The Divorce Coach Says
When you do start dating after divorce it’s important to recognize whether you’re dating for fun and to get to know yourself, or if you’re looking for a committed relationship. And if you haven’t done the work to heal from your divorce, then I recommend the former. Don’t take it too seriously and definitely don’t rush into another serious, exclusive relationship.
You are in a time of tremendous personal change and growth. Finding someone who will grow with you through this is challenging, even more so if they are also recovering from divorce.
Dating for fun will help you identify the values that are important to you, much as Antonio chose to date other divorced parents or single parents because he felt they would better understand his situation. This is very much a matter of personal choice. You could decide you’d rather date someone who’d never had children or whose children were adults because you don’t want to deal with potentially blending a family.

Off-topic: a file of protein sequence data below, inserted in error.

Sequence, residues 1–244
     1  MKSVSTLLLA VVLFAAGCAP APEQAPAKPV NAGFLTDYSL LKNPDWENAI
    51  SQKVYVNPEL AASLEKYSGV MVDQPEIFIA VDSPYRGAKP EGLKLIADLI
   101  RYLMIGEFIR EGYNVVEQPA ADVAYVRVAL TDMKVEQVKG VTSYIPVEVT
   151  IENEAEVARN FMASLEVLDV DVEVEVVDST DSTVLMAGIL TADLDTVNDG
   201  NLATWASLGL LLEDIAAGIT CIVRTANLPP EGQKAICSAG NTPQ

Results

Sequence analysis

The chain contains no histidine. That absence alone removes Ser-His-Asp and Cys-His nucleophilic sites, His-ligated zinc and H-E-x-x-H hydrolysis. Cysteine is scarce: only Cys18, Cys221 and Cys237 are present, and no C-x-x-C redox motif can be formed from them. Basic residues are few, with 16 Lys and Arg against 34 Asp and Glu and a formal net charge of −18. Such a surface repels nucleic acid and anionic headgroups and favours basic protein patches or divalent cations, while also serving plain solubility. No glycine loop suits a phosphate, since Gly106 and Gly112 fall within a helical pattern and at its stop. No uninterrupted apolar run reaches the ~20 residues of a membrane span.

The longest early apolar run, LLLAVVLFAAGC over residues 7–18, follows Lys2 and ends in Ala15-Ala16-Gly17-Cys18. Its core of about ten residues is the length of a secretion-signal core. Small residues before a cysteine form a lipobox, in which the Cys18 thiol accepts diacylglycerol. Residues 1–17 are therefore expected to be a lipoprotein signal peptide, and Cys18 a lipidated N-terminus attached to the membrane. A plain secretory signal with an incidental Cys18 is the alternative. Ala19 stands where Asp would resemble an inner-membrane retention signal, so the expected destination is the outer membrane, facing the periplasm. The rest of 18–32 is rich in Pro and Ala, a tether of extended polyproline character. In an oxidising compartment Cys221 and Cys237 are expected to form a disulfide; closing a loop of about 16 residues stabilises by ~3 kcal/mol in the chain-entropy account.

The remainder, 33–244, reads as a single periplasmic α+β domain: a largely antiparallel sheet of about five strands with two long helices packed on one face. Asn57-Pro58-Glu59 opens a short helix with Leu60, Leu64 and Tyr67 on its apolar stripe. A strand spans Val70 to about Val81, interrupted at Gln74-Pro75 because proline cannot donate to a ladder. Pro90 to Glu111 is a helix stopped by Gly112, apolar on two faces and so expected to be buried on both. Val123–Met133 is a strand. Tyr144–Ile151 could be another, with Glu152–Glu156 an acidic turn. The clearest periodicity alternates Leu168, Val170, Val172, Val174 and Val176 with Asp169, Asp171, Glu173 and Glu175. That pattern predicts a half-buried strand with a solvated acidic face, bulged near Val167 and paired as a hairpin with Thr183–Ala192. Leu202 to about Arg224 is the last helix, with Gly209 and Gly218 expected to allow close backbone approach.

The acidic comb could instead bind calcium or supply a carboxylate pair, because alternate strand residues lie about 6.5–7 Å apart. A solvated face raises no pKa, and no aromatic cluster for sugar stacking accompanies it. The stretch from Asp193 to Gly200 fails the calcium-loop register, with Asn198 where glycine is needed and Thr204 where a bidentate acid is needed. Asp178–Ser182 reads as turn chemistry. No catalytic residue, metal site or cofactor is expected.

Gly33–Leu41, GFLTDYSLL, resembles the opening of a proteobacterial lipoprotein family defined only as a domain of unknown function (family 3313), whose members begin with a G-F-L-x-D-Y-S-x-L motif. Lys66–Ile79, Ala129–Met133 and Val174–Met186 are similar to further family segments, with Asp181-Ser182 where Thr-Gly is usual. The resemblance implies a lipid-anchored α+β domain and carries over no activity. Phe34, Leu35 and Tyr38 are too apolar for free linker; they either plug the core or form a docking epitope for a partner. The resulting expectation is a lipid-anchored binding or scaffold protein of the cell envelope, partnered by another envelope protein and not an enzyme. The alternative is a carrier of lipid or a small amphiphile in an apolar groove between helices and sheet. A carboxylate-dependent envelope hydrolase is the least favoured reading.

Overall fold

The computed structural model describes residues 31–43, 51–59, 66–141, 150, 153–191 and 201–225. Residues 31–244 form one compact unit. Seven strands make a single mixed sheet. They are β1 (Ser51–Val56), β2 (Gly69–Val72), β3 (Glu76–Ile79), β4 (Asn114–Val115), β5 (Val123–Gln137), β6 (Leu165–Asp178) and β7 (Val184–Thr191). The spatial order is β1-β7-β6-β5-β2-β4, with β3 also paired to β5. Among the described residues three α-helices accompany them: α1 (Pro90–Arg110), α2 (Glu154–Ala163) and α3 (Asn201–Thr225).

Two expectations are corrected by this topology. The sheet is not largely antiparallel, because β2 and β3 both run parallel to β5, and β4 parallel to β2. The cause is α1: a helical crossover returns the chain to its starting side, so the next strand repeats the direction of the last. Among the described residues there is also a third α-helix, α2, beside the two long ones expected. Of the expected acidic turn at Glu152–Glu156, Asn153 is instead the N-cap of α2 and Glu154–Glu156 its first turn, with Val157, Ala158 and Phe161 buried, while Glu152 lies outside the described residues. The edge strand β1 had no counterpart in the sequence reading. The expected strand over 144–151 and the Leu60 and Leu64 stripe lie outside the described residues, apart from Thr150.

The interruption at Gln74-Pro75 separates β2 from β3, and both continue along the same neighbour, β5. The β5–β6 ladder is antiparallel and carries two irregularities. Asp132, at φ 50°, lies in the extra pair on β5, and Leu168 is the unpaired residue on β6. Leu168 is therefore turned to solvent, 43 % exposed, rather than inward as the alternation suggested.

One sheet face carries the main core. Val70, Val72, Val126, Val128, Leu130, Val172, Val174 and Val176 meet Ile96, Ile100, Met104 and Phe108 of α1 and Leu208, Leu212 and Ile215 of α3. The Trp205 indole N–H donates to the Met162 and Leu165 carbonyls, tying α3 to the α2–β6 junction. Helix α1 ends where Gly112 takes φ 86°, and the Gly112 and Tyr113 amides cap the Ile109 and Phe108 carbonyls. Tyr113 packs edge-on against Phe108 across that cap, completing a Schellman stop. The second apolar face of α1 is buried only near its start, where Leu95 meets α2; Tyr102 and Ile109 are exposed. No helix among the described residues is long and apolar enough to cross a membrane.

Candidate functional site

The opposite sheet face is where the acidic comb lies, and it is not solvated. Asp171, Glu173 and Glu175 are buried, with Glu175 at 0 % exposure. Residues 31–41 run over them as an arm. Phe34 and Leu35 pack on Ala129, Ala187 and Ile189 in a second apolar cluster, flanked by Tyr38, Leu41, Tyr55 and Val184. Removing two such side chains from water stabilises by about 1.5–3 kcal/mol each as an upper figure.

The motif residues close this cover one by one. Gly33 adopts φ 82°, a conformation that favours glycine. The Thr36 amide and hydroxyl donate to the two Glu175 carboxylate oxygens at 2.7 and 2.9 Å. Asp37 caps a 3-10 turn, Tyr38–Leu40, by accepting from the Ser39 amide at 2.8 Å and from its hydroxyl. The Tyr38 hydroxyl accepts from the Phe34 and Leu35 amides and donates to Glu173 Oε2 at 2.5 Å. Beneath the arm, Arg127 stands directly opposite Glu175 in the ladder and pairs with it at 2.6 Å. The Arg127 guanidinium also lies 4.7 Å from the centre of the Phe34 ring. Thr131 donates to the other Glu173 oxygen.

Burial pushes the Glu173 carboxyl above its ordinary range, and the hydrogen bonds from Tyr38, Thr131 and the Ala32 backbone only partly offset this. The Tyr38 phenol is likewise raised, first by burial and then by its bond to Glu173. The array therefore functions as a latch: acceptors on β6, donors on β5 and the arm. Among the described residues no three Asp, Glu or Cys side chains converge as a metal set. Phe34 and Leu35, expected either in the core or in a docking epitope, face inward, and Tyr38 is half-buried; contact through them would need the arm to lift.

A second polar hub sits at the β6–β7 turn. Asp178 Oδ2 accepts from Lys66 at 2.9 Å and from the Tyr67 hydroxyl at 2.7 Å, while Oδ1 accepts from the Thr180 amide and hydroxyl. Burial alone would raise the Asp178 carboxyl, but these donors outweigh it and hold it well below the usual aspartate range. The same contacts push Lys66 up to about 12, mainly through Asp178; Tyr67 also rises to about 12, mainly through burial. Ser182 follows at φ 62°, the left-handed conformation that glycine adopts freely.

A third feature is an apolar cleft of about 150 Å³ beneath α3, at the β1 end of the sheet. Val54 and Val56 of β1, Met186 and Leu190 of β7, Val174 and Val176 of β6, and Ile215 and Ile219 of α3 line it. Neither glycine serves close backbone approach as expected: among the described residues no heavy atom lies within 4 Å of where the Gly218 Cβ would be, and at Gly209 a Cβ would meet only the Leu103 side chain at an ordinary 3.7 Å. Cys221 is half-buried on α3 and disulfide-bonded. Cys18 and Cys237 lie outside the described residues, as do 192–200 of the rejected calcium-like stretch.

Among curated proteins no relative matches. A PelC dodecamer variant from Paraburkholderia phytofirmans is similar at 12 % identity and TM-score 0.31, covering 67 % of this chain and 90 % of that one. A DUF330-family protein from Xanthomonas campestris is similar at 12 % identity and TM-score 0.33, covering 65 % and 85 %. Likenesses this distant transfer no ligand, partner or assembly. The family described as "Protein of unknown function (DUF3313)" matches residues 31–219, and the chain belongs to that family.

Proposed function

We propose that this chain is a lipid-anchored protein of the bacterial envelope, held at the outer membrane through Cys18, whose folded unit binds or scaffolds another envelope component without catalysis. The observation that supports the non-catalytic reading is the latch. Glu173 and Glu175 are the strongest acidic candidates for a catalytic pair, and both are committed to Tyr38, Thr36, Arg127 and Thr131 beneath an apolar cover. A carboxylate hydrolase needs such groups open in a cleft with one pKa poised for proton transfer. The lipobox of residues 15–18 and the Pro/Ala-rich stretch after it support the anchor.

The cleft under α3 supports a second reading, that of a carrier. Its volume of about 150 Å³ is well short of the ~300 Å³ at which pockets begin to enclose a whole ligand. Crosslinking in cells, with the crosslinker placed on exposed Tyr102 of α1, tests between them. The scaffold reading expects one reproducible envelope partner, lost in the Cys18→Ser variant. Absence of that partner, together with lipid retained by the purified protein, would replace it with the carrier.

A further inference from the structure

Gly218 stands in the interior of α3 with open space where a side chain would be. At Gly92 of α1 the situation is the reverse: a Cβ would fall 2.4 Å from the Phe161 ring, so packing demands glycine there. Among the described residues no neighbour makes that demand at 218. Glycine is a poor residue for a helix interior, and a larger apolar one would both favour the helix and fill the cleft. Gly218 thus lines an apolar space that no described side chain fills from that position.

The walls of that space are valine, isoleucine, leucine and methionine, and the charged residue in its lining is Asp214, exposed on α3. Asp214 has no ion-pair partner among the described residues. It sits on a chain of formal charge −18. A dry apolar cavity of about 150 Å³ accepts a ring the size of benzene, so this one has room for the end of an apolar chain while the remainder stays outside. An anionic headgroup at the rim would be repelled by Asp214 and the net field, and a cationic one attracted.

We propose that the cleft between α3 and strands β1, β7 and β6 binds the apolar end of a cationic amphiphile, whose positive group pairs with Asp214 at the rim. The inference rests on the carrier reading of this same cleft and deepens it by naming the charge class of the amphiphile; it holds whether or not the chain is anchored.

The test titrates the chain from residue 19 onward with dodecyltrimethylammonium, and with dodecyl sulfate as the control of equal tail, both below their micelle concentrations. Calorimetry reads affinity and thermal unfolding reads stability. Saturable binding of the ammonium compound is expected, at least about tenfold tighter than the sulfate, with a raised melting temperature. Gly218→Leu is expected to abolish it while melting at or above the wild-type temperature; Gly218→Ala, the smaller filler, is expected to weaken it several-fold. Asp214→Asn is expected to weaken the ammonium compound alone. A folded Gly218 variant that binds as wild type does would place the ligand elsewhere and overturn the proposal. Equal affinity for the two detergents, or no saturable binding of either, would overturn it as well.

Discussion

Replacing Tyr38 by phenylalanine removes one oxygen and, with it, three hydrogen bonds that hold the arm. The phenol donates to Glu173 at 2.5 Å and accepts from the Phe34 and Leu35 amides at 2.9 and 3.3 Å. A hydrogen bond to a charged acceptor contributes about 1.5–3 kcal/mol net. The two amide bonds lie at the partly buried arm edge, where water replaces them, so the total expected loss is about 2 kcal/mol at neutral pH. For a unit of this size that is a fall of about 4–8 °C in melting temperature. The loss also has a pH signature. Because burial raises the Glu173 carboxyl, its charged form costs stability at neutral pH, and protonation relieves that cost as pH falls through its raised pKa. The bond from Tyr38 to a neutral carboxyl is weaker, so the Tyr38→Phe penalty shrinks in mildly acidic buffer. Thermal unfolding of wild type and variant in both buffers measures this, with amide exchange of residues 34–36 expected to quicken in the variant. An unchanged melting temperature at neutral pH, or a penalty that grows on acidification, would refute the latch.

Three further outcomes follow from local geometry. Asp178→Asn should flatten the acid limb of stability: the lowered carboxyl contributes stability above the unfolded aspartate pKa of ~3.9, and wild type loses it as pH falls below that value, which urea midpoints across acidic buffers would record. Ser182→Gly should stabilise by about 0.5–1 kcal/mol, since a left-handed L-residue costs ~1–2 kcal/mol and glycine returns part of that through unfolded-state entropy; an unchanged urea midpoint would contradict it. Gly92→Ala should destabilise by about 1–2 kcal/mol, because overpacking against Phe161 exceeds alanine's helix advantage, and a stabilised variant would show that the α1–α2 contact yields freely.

As with many aspects of parenting, it’s interesting to see the different approaches to handling your dating with your children.
You definitely have to consider your child’s disposition and maturity as Antonio does with his daughter, and within that, I think there’s tremendous value in being open about your dating in an age-appropriate way.
Dating is something your children will do sooner or later and you being open about your dating allows you to model healthy dating choices for your child. If you limit your dating to your non-parenting time or make no mention of it to your children, you are limiting your opportunities for conversations around what will be a key area of your child’s life.
Plus, when it does come time to introduce your new partner to your child it won’t come as a major shock or big surprise and your child won’t feel that you’ve been keeping something from them.
Dr. Antonio Borello is a psychologist and relationship therapist. He and his ex are collaborating on a book about relationships. You can follow his tweets at @eDatingDr and follow him on Facebook at Relationships 2.0.
Photo Credit: 2015© www.clipart.com